The Chinese yuan, also known as the renminbi, is already convertible under the current account - the broadest measure of trade in goods and services. However, the capital account, which covers portfolio investment and borrowing, is still closely managed by Beijing because of worries about abrupt capital flows.
Yuan slips in ranking as a world currency
Inbound and outbound yuan payments by entities outside of Hong Kong and the mainland fell to a four-month low in August, as fewer people chose to settle deals using the currency, especially in London and Singapore, according to financial clearing firm SWIFT.
The yuan lost ground to the Thai baht to rank as the 12th-biggest world currency in August, accounting for 0.84 per cent of global payments in terms of value. A month earlier, payments using the yuan hit a record high, pushing it up to the 11th place in the ranking table.
In a push to globalise its currency, the central government has been striving to open its doors wide to foreign trade and encourage trade partners and individual customers to pay in yuan.
Offshore buyers purchasing from suppliers in China, and offshore sellers into the market are now able to pay and receive yuan for their goods much more efficiently after regulators loosened rules.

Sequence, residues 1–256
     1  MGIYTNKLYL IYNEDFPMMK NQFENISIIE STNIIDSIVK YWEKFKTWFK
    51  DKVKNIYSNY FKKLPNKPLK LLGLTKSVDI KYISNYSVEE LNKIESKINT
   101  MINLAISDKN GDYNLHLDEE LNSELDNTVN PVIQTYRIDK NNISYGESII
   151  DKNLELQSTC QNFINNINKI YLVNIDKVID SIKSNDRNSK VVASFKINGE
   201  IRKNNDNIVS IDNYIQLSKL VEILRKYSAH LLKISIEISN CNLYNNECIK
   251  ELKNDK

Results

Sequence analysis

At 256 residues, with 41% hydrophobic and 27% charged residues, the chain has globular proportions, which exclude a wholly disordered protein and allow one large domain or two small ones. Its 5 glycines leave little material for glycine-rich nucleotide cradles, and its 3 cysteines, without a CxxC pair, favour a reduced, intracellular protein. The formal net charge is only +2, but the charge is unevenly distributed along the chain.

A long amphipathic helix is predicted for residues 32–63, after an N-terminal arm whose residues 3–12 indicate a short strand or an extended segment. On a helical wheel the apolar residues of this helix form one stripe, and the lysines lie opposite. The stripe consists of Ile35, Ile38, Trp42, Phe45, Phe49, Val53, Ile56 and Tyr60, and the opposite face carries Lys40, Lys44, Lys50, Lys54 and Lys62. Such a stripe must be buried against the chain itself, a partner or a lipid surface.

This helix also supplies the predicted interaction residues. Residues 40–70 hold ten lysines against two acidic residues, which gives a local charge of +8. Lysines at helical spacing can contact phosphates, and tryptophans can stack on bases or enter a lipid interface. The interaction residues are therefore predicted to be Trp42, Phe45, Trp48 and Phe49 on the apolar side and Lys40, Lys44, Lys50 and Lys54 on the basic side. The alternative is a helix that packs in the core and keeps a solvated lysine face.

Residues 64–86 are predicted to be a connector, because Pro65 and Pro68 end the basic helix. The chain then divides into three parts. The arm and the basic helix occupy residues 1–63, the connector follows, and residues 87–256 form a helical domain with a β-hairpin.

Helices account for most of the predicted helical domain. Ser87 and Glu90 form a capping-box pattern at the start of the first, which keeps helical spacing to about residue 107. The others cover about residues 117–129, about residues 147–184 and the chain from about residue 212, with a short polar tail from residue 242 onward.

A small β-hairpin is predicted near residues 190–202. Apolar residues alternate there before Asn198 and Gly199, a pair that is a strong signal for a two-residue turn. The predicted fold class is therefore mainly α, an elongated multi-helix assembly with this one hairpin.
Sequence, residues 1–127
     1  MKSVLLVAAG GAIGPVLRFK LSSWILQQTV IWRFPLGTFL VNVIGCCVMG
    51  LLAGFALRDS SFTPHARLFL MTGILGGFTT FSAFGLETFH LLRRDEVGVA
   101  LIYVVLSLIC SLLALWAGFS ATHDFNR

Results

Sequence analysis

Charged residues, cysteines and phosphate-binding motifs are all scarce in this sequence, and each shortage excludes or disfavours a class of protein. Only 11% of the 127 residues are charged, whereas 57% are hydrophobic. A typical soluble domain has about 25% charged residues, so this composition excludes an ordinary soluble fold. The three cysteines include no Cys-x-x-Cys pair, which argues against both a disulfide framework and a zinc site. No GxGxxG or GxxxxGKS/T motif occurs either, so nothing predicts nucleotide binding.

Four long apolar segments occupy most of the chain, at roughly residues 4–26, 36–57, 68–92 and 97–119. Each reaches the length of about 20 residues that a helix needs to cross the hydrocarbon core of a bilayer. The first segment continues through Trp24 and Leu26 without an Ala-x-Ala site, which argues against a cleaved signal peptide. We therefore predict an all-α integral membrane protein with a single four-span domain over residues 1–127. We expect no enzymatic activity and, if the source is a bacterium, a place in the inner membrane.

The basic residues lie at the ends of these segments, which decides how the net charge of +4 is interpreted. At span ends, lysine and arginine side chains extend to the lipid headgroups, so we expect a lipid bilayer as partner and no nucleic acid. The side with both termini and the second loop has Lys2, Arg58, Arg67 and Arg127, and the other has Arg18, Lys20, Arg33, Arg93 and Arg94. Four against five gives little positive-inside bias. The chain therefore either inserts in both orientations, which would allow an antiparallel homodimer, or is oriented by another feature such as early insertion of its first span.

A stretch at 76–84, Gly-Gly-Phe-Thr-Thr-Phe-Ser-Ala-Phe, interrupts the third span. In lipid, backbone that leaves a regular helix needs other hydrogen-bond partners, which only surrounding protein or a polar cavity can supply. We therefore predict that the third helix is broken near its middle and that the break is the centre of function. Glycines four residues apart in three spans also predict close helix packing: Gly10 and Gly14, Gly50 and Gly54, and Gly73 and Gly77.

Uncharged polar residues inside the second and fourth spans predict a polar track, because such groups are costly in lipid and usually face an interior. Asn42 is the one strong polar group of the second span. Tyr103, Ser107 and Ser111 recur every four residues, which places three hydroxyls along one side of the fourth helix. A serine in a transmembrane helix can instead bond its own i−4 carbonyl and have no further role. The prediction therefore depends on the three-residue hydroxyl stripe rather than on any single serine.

However, the trend was reversed in August, with the value of payments declining significantly as customer-initiated and institutional payments using yuan outside Hong Kong and the mainland fell to the lowest level by value since April. The value also decreased in Hong Kong and on the mainland.
"The decrease [for the non-China region] was mainly from London and Singapore," SWIFT said, adding that holidays could be an explanation.
"CNY (Chinese yuan) activity had never been so high in the three months before May [due to seasonal factors]."
The US dollar and the euro held onto the top two spots, accounting for 37.93 per cent and 36.48 per cent of the global payments market respectively.
Despite its weaker performance in global payments, the yuan inched up in the global ranking as the 8th most traded currency.
London, the world's biggest centre for foreign-exchange trading, now accounts for 62 per cent of yuan trading conducted outside of the mainland and Hong Kong, up from a 54 per cent share in January.
Its increased market share was mainly at the expense of Singapore. Meanwhile, Switzerland, France and United States all saw slight declines in their market share.